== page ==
When we started dating, I had a white ’76 Chevy Nova with mag wheels. The car fit my personality like an over-sized jacket, and I had to stretch out my machismo just to get my hands past the cuff links. When my dad first bought the car for me, my friends and I had some difficulty in determining its gender. The vehicle’s well-developed biceps fooled us momentarily. After checking under the skirt, she was christened, “La Nova Cabrona” by a Cuban-American friend. The passenger door could only be opened from the outside, which might have been used to some advantage. It turned out to be rather ironic because the number of girls who had actually dated me when I had the Nova was rather small.
The Nova’s defining moment came when we were in college together. During class one day, my friend Brian snuck out to the University parking lot and attached a late 70’s style license plate with the words “Cute n’ Sexy” on the front of the car. The words were airbrushed in that sickening manner that all artists of the compressed air genre seem to have ready at their disposal.
The three principle mediums of “airbrush artists” are the license plate, the T-shirt, and the van side. An entire bastardized ouvre has been created by artists expressing themselves all over the place by means of hose and compressor. Brian had discovered an example sine qua non. While the artist was clearly influenced by the so-called “unicorn” school, the piece managed to introduce a graffiti edginess while still maintaining a classic “space odyssey” sensibility. I saw the license plate immediately after class and knew where blame was to be placed.
I found Brian laughing, but was unprepared for his next assault. Brian was a cunning foe and had the advantage of knowing me since eighth grade. I had expected a simple frontal attack, but he, aware of my weaknesses, had prepared a pincer move. “Take that thing off my car! I don’t want to drive around and have people looking at me with a ‘Cute n’ Sexy’ air brushed license plate,” I said.
“Why? Because you don’t have the existential courage to drive around with that plate on the front of your car?” he quipped.
The blow fell true. Despite the ironic situation of having to prove my existential freedom by doing something that someone else told me to do, I could no longer remove the plate without acting in “bad faith.” Brian was standing there complete with his French beret, goatee, and horned rimmed glasses mocking me. “He even dressed the part,” I thought. I pictured Matthieu in The Road to Freedom stabbing that knife into his hand. I could see Jean Paul Sartre himself saying, “Kurt, Matthieu could put a knife through his hand, and you can’t even put an air-brushed license plate on your car!”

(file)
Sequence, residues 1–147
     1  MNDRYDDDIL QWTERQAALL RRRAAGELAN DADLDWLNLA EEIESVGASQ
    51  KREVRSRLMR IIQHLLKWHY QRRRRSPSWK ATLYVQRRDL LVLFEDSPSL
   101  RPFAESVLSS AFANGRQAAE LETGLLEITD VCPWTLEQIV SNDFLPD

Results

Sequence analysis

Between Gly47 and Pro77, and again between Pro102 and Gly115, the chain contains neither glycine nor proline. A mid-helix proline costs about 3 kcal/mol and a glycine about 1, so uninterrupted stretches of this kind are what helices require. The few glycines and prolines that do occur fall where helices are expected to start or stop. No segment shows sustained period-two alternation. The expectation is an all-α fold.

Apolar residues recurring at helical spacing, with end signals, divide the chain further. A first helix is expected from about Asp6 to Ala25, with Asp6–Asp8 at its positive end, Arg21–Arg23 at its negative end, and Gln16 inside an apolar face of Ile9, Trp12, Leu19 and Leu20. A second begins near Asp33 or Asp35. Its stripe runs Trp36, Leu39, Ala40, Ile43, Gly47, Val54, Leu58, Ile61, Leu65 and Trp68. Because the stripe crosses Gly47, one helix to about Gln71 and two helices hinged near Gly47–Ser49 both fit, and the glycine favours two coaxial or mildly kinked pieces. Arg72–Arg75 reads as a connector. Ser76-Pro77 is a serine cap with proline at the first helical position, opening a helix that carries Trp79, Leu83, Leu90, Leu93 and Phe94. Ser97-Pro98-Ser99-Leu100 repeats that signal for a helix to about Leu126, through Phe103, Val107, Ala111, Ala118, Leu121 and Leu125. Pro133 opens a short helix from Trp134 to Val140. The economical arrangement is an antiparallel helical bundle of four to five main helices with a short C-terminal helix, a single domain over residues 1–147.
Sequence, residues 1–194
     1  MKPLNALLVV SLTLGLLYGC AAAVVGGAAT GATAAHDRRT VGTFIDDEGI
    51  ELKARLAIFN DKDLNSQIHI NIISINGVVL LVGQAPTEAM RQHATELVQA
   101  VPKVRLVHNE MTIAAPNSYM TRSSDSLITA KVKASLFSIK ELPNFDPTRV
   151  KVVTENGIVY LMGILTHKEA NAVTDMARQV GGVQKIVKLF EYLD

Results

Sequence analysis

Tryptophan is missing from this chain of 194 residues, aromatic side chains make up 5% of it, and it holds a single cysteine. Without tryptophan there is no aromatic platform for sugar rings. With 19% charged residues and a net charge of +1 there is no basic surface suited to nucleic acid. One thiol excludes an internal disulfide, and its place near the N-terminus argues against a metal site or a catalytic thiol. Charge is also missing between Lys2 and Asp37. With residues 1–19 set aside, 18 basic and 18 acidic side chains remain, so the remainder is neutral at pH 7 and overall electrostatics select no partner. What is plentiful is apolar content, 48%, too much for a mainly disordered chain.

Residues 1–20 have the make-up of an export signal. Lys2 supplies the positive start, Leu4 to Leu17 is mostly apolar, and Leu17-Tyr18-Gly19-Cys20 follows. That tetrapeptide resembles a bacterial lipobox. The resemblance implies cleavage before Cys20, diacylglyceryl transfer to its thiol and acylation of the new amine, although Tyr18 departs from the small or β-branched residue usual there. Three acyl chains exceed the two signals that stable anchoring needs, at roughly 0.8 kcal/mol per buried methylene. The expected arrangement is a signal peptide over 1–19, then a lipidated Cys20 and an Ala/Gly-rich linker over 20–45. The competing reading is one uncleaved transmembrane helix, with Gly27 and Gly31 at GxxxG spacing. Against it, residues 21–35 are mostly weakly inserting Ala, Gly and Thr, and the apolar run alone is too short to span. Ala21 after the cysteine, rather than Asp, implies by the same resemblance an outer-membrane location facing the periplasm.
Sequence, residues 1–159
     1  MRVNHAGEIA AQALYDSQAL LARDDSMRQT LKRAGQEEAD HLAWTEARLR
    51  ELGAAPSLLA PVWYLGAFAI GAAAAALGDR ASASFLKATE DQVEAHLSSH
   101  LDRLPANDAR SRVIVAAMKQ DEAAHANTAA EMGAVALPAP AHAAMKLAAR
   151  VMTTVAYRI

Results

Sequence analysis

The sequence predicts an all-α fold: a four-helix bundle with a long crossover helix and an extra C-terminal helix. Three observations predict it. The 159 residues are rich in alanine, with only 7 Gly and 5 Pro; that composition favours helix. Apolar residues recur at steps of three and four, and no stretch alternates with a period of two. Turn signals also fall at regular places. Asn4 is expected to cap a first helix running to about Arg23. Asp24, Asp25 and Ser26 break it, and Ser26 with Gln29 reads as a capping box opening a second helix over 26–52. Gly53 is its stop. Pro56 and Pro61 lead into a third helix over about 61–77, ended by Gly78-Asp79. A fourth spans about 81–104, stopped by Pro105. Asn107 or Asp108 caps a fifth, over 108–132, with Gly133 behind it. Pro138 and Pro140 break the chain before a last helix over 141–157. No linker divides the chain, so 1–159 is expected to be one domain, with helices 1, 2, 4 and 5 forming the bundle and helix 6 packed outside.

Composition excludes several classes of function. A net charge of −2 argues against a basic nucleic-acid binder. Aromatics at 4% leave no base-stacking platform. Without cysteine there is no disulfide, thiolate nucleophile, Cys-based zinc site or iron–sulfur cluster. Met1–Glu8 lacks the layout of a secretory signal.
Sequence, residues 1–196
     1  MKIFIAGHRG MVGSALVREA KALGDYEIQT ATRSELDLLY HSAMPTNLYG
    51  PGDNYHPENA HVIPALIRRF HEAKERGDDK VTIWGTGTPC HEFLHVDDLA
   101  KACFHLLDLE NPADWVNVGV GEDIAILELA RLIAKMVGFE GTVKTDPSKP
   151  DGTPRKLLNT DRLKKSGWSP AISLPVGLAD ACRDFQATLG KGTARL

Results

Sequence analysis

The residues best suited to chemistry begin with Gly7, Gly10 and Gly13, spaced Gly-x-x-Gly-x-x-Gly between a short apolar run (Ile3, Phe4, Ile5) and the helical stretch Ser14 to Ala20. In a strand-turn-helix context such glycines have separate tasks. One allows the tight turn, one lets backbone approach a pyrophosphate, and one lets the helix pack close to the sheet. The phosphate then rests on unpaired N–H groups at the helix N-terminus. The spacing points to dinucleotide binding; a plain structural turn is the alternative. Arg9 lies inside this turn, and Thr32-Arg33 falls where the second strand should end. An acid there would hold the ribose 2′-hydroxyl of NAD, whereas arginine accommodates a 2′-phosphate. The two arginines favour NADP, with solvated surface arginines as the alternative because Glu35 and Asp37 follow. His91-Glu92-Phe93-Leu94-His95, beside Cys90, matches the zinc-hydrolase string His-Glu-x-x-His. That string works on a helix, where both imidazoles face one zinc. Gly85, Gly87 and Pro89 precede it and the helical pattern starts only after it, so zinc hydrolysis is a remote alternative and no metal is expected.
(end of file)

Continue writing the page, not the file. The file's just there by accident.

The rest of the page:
Now, it happens to be the case that I am both “Cute” n’ “Sexy,” but I am not the type of person that likes to spend exorbitant amounts of time defending truths which are both obvious and self-evident. However, for the sake of acting in good faith and announcing to all those motorists driving around the streets of Tampa that had not yet perceived these truths, I maintained my car-front placard for six months. Each time I would exit the car at a convenient store, passers-by would immediately glance toward the emerging driver to see if the plate was warranted. “He’s alright,” I could see them say, “but he’s not all that.” After receiving a concession from Brian that I had fulfilled my existential duties to the point of supererogation, the plate was removed and placed in a prominent place in my bedroom to remind all that entered that my existential freedom had been tested in the fire and proved worthy.
Jennifer brought a white Volkswagen Rabbit to our relationship. Its ears were worn out, and its fur had faded in spots; but it could still hop around a bit. Riding in the Rabbit whilst Jennifer drove was always a time of excitement in my life. It was the same sort of thrill I used to get as a child when I was trying to perfect a new trick on my bicycle. Driving the Rabbit was like trying to jump a makeshift ramp with your little sister riding on the handlebars. If your timing wasn’t exact, there could be consequences for both you and the passenger. The Rabbit was an adventure-mobile that could turn the simplest ten-minute drive into a thrilling safari.